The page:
Love Came Down with Goodness

IMG_0802The first few times I read Chronicles, I groaned and skimmed my way through those long lists of names.  Then, one day, I recognized the power of those names, that each name is a life, and each life was spared that Christ could come from that list of names.  Now, when I read the histories, of family upon family protected by the hand of God, I worship.

After nine chapters chronicling the amazing genealogy of Israel, through hundreds of years of God’s hand upon Israel, suddenly the scribe introduces Ch 10:1. “And the Philistines fought with Israel.”

Bluntly, the scribe sums up most of 1 Kings history and then brings the record of Israel to this one point at 10:13-14: “And Saul died for his sin which he committed against Jehovah, against the Word of Jehovah, which he did not keep, and also for seeking of a medium, to inquire, and inquired not of Jehovah. And He killed him and turned the kingdom to David the son of Jesse.”

I expect as he lay dying on the battlefield, Saul understood the grim consequences of sin.  He had sought out a  medium the night earlier, desperate to hear God, and requested an audience with long dead Samuel.  Within a day, Saul watched his son slain, and then he too was hit by enemy fire.  The Hand of protection Saul had long enjoyed through countless battles was withdrawn.  Sadly, he asked his armor bearer to kill him before the Philistines could make sport and when the soldier refused, Saul fell on his own sword, a pathetic ending to a most deceived king.

IMG_0798David, during those same days, faced the leadership battle of his life.  His own men wanted to stone him when they returned from enemy lines and discovered that raiders had burnt David’s town of Ziglag to the ground and stolen all their families. The Chronicler makes no mention of this drama.  Instead, the narration continues from Saul’s death to seven years later, when all of Israel petitioned David to rule as king:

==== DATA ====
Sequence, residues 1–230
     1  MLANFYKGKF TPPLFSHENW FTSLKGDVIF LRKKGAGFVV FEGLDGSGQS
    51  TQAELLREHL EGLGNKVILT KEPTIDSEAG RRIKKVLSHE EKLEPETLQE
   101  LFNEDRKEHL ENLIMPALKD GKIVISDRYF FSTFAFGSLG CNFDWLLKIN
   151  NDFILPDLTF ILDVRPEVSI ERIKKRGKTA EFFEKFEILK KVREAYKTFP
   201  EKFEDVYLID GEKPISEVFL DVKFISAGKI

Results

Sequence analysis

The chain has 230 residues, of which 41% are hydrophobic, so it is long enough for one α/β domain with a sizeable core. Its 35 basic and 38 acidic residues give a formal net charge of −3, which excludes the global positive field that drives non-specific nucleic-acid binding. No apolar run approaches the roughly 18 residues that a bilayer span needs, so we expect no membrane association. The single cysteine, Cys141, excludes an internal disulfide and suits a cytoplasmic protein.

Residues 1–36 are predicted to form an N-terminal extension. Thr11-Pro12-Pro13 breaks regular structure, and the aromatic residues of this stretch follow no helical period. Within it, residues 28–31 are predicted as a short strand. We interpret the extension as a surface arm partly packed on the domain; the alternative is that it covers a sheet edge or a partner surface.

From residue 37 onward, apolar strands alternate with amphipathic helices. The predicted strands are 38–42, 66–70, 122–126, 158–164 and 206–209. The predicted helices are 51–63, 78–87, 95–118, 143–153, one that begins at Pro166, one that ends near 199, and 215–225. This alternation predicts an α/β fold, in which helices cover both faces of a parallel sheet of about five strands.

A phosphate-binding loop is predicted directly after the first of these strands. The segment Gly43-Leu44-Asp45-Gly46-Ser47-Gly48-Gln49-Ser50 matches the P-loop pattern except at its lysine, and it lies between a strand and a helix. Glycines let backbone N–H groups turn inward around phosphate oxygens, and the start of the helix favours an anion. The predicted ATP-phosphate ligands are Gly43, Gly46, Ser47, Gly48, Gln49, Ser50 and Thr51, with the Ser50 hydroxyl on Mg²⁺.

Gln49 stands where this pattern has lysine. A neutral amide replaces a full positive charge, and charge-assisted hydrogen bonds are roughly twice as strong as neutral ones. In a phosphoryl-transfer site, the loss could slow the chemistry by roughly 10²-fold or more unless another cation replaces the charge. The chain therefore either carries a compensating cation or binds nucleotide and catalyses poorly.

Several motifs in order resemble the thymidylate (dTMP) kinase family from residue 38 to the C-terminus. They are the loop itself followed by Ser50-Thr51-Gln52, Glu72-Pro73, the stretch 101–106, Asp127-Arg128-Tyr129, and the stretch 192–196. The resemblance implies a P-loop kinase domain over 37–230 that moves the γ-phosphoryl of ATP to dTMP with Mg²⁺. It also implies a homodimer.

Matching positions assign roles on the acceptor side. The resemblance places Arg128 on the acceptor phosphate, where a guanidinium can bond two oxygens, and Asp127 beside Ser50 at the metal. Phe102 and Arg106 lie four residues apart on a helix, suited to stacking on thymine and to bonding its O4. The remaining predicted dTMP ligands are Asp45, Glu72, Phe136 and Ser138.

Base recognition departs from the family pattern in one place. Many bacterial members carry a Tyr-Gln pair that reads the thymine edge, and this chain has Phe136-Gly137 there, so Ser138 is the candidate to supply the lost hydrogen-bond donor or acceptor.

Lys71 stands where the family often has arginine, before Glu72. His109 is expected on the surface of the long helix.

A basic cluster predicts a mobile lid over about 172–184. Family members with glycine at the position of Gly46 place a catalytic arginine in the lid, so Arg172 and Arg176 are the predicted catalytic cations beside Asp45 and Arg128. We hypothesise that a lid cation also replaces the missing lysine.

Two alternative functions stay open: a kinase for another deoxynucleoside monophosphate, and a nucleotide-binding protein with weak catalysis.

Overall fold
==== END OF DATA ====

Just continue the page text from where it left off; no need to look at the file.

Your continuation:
Then all Israel came together to David at Hebron, saying, “Indeed we are your bone and your flesh. Also, in time past, even when Saul was king, you were the one who led Israel out and brought them in; and the Lord your God said to you, ‘You shall shepherd My people Israel, and be ruler over My people Israel.’ ” Therefore all the elders of Israel came to the king at Hebron, and David made a covenant with them at Hebron before the Lord. And they anointed David king over Israel, according to the word of the Lord by Samuel.[1]

Currently, there is tremendous shaking and groaning in the nations. As I sought the Lord in prayer, I expected God to say  “Prepare” or “Duck!”.  Instead God whispered to my heart the word, “Surprise”.

When David ascended the throne, the world was in for a glorious surprise.  David carried within him a mandate for worship that would change faith expression before Almighty God forever.

King David certainly knew all about God’s surprises.The man who faced down bears and lions and giants and jealous kings knew much about God’s faithfulness and mercy. God’s ability to surprise David with His goodness was well proven.

IMG_0957David contended for years for Israel and was unrewarded by his king.  Instead he was hunted like a rabid dog by Saul’s army, while still protecting the villages of Israel from raiding bands of enemies, and even fought the enemy Philistines within their own lines.  After almost two decades of contention, David was crowned king by all of Israel, as they affirmed to him ““You’re family”.